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Children in Old Bodies. Age and Ageing in the History of Institutional Psychiatry

Jönsson, Lars-Eric LU (2009) In Ethnologia Europaea 38(2). p.31-44
Abstract
The aim of this paper is to examine what meanings “age” was given when Swedish psychiatric institutions were defining, categorising and caring for their patients from 1850 to 1970. The paper focuses on institutional psychiatry’s perspectives on individuals of advanced age and on the way that these individuals were understood in terms directly or indirectly associated with age. The majority of aged patients were described as irresponsible, unable to provide for themselves, and more or less unaware of the consequences of their actions. Such patients were regarded as child-like in their behaviour, and were therefore seen as “children”. The childish person’s development had stopped prematurely, and any improving, i.e. developmental therapies... (More)
The aim of this paper is to examine what meanings “age” was given when Swedish psychiatric institutions were defining, categorising and caring for their patients from 1850 to 1970. The paper focuses on institutional psychiatry’s perspectives on individuals of advanced age and on the way that these individuals were understood in terms directly or indirectly associated with age. The majority of aged patients were described as irresponsible, unable to provide for themselves, and more or less unaware of the consequences of their actions. Such patients were regarded as child-like in their behaviour, and were therefore seen as “children”. The childish person’s development had stopped prematurely, and any improving, i.e. developmental therapies were scarcely to be had. For old people, this child-like stage in life might be reached sooner, or later. No matter: all that remained was a more-or-less steep downhill course marked by confinement in bed, lack of activities, and waiting for the inevitable.



My choice of psychiatry as object of investigation is motivated by its place at the very centre of modern society. In psychiatry we find an explicit focus on the “normal” and “abnormal”: how human beings are meant to behave, how they are supposed to think, and to what moral standards they should conform. The paper analyses and shows the slow change and continuity in the practices of psychiatric care and its everyday perspectives on age during this period. (Less)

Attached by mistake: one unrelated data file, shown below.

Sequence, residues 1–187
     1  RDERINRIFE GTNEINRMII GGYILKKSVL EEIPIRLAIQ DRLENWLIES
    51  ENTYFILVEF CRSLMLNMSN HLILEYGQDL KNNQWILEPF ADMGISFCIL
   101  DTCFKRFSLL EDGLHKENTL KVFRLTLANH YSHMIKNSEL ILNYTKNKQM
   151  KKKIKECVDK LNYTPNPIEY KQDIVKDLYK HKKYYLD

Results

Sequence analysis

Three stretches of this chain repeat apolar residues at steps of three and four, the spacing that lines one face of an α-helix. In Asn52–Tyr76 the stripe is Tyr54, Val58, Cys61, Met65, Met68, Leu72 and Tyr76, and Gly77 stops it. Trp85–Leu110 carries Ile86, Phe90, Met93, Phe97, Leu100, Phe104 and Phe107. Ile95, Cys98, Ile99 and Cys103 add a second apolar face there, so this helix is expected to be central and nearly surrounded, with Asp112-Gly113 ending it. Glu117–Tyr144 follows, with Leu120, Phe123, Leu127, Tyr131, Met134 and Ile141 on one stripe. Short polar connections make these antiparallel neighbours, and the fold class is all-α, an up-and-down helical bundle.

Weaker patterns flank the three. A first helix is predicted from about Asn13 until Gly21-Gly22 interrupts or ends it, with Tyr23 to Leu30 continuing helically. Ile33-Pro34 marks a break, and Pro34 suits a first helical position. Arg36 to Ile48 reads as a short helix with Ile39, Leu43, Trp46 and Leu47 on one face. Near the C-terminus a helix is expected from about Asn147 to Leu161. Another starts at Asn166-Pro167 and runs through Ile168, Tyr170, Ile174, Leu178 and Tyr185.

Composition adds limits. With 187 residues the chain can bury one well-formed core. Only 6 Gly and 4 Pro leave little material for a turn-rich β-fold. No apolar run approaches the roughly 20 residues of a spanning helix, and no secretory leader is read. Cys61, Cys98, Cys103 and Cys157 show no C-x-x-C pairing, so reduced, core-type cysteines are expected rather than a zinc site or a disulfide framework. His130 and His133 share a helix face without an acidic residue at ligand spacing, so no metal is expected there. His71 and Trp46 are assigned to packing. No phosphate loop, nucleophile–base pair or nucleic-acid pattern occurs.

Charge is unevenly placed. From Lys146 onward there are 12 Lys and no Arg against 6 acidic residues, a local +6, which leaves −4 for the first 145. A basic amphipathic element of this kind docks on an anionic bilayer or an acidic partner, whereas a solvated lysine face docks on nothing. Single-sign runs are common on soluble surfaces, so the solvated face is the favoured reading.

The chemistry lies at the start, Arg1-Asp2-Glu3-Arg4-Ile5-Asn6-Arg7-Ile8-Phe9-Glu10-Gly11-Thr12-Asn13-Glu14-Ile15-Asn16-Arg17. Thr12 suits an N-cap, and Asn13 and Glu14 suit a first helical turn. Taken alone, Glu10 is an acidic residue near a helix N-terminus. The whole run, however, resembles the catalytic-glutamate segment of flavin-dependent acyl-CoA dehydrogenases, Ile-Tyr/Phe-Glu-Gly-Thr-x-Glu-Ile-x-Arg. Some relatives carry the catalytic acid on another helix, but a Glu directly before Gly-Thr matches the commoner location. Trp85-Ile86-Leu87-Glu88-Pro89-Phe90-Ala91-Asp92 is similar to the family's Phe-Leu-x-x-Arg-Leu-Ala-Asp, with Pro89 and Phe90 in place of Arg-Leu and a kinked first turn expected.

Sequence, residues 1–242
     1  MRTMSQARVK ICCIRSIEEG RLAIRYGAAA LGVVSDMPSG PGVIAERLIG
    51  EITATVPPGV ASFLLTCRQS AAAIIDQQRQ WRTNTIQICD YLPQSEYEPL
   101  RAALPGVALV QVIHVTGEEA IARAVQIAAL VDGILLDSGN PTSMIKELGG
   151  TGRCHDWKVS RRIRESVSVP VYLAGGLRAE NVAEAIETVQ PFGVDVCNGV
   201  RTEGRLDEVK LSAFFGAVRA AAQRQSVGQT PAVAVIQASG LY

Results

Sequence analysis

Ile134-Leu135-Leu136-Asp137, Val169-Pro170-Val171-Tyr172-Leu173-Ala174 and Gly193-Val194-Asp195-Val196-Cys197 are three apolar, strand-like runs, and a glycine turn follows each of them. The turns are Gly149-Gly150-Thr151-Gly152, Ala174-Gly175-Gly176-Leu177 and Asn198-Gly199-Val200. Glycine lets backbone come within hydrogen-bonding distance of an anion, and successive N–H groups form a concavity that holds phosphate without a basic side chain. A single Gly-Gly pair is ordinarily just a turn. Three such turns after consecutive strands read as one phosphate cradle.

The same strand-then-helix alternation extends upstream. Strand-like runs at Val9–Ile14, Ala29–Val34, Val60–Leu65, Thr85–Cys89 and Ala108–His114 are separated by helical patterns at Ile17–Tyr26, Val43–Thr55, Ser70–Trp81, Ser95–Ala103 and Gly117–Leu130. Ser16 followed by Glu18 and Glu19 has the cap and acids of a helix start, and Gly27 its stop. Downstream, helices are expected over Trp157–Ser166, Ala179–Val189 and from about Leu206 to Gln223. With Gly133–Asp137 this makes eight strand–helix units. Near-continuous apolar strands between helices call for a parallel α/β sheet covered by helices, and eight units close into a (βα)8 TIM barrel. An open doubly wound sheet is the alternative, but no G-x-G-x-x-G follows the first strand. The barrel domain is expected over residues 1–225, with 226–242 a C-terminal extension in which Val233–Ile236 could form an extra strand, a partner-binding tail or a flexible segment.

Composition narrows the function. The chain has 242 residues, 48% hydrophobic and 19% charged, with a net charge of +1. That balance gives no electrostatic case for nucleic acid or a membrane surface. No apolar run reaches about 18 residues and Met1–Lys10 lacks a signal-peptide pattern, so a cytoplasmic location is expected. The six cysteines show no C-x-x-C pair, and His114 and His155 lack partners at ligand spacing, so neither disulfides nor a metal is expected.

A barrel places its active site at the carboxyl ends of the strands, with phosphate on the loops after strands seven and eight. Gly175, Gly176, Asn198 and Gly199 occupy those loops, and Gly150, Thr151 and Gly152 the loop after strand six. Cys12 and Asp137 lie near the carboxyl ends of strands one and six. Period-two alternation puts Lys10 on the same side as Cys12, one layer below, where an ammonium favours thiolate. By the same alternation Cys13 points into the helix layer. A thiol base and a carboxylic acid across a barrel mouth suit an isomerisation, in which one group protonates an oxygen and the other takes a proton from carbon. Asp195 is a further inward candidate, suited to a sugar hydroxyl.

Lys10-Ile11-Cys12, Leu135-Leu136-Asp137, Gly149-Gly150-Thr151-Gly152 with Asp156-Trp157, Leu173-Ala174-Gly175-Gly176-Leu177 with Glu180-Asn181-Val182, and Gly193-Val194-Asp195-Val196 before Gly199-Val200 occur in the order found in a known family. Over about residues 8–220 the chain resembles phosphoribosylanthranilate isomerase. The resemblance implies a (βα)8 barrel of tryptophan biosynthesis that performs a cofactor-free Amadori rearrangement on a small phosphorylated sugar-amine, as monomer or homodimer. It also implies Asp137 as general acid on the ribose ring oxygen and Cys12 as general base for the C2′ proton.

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author
organization
publishing date
type
Contribution to journal
publication status
published
subject
keywords
history, everyday practices, psychiatry, institutions, Age, mental hospitals, ageing
in
Ethnologia Europaea
volume
38
issue
2
pages
31 - 44
publisher
Museum Tusculanum Press
ISSN
0425-4597
language
English
LU publication?
yes
id
3afad7d6-09e4-4080-854c-d2563035bdd9 (old id 1299761)
date added to LUP
2009-03-19 13:24:37
date last changed
2016-04-16 00:06:55
@article{3afad7d6-09e4-4080-854c-d2563035bdd9,
  abstract     = {The aim of this paper is to examine what meanings “age” was given when Swedish psychiatric institutions were defining, categorising and caring for their patients from 1850 to 1970. The paper focuses on institutional psychiatry’s perspectives on individuals of advanced age and on the way that these individuals were understood in terms directly or indirectly associated with age. The majority of aged patients were described as irresponsible, unable to provide for themselves, and more or less unaware of the consequences of their actions. Such patients were regarded as child-like in their behaviour, and were therefore seen as “children”. The childish person’s development had stopped prematurely, and any improving, i.e. developmental therapies were scarcely to be had. For old people, this child-like stage in life might be reached sooner, or later. No matter: all that remained was a more-or-less steep downhill course marked by confinement in bed, lack of activities, and waiting for the inevitable.<br/><br>
<br/><br>
My choice of psychiatry as object of investigation is motivated by its place at the very centre of modern society. In psychiatry we find an explicit focus on the “normal” and “abnormal”: how human beings are meant to behave, how they are supposed to think, and to what moral standards they should conform. The paper analyses and shows the slow change and continuity in the practices of psychiatric care and its everyday perspectives on age during this period.},
  author       = {Jönsson, Lars-Eric},
  issn         = {0425-4597},
  keyword      = {history,everyday practices,psychiatry,institutions,Age,mental hospitals,ageing},
  language     = {eng},
  number       = {2},
  pages        = {31--44},
  publisher    = {Museum Tusculanum Press},
  series       = {Ethnologia Europaea},
  title        = {Children in Old Bodies. Age and Ageing in the History of Institutional Psychiatry},
  volume       = {38},
  year         = {2009},
}